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Rare Disease Day Webinar: COVID-19 and Immunodeficiencies

February 28 @ 6:00 pm - 7:00 pm

Join AusPIPS and IDFA for this special webinar event in conjunction with Rare Disease Day.

In this one-hour session, a panel of experts will explore some of the issues associated with COVID-19 on individuals living with immunodeficiencies, including:

  • The impacts on Children
  • The impacts on Adults
  • Current knowledge of the efficacy of vaccines and the PROPHECY study
  • Coping Strategies used by people with an immunodeficiency to manage COVID threats and isolation.

Don’t miss out on this valuable webinar!

Register now on Zoom: https://us02web.zoom.us/webinar/register/WN_qgsruZoNR52-qJ1k0ByC0A

AusPIPS is working with IDFA to bring you this webinar.

More about the Panellists

Dr Samantha Chan is a Clinical Immunologist & Allergist (MBBS, BMedSci, MPH, FRACP) at the Royal Melbourne Hospital and PhD candidate at the Walter & Eliza Hall Institute; studying the applications of novel gene-editing techniques in Primary Immunodeficiencies. She is a member of the Australasian Society of Clinical Immunology and Allergy, Primary Immunodeficiency Committee member of the American Academy of Allergy, Asthma & Immunology and honorary fellow in the University of Melbourne Department of Medicine.

Dr Theresa Cole is a paediatric allergist and immunologist at Royal Children’s Hospital. She is Clinical lead for Haematopoietic Stem Cell Transplant within the Children’s Cancer Centre, specialising in stem cell transplant for primary immunodeficiency. She is current president of the Australasian Society of Clinical Immunology and Allergy (ASCIA) and facilitator of the Transplantation in Primary Immunodeficiency (TAPID) group. She was instrumental in publishing national guidelines for the diagnosis and management of children with Severe Combined Immunodeficiency and contributed to the development of the ASCIA Immunodeficiency strategy for Australia and New Zealand. She sits on the National Clinical Evidence Taskforce COVID-19 drugs and therapeutics panel.

Linda Lin is a recent graduate from The University of Sydney. Linda majored in immunology and is currently doing her PhD where when is researching immune cell subsets in Multiple Scleroses. Linda became interested in primary and secondary immunodeficiencies in her third year of undergraduate study, after learning about the complex cause, effects and difficulty in treating these conditions.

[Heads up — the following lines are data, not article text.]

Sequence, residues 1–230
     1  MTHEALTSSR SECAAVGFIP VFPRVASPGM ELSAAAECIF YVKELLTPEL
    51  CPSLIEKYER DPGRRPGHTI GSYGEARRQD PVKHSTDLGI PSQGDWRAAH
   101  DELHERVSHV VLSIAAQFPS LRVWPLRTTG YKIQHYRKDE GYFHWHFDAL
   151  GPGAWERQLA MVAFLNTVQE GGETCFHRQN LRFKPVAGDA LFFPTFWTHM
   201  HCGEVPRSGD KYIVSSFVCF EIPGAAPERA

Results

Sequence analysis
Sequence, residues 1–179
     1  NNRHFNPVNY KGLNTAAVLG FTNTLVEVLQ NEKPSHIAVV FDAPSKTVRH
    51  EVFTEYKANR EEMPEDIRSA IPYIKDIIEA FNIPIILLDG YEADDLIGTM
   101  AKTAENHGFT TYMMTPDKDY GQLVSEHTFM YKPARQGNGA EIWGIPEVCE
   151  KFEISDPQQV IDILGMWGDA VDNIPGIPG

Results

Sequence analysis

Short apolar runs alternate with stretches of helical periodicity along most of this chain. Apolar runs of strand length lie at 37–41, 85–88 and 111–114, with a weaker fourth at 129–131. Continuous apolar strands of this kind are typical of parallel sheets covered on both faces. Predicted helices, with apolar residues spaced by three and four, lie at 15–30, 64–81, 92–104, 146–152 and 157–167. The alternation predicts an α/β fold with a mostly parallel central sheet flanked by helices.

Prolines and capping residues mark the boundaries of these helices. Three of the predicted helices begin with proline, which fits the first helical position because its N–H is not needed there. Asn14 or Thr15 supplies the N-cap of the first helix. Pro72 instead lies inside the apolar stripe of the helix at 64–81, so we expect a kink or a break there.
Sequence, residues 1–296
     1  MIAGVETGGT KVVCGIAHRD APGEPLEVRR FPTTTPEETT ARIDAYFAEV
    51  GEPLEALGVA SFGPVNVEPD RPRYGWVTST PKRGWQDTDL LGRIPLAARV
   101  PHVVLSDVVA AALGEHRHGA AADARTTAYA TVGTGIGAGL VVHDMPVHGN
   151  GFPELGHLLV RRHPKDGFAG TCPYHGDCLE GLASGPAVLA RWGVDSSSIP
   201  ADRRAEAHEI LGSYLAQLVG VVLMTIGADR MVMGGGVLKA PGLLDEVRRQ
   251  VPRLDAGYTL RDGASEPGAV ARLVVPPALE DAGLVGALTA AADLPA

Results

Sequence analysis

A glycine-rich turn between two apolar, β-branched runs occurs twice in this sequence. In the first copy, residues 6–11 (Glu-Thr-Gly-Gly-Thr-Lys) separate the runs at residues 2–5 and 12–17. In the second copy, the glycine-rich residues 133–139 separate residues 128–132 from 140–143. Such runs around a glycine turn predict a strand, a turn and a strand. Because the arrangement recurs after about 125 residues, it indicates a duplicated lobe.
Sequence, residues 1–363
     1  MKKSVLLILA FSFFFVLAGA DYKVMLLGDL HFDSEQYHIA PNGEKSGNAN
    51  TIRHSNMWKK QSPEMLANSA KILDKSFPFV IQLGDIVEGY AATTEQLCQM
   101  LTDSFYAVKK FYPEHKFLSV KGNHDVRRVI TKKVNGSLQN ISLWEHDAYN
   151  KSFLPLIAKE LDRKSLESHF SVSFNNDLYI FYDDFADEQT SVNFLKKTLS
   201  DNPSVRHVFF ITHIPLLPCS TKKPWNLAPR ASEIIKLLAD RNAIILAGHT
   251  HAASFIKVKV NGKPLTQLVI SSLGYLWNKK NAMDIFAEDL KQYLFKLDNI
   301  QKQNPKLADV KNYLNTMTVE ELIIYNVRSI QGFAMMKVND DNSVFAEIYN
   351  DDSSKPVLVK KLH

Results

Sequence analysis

Prof Menno van Zelm is an expert in the field of Primary Immunodeficiency, and is the inaugural director of the Jeffrey Modell Centre for Primary Immunodeficiencies in Melbourne. Menno performed his PhD studies at Erasmus MC in Rotterdam, The Netherlands. Following post doc training in San Diego, CA, USA, he returned to Rotterdam to establish his own research group. He relocated to Australia in 2015 joining Monash University, where he is Deputy Head (Research) of the Dept Immunology and Head of the Allergy and Clinical Immunology laboratory. Menno’s major research focuses on unravelling the processes that underlie B cell responses and immunological memory in health and disease. Specific disease interests include predominantly antibody deficiency, the most prevalent primary immunodeficiency, as well as allergy, and viral infections and vaccination. Menno described the first antibody deficient patients with CD19 and CD81 gene defects, and established the KREC assay for quantification of B-cell replication history. His current research on detection of allergen sensitisation by cytometric detection of basophils (CytoBas) and evaluation of antigen-specific memory B cells has the potential to improve diagnosis and treatment monitoring of many patients with chronic diseases globally. He has published over 160 research papers and regularly presents his team’s research at national and international conferences worldwide.


Online via Zoom
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1800 100 198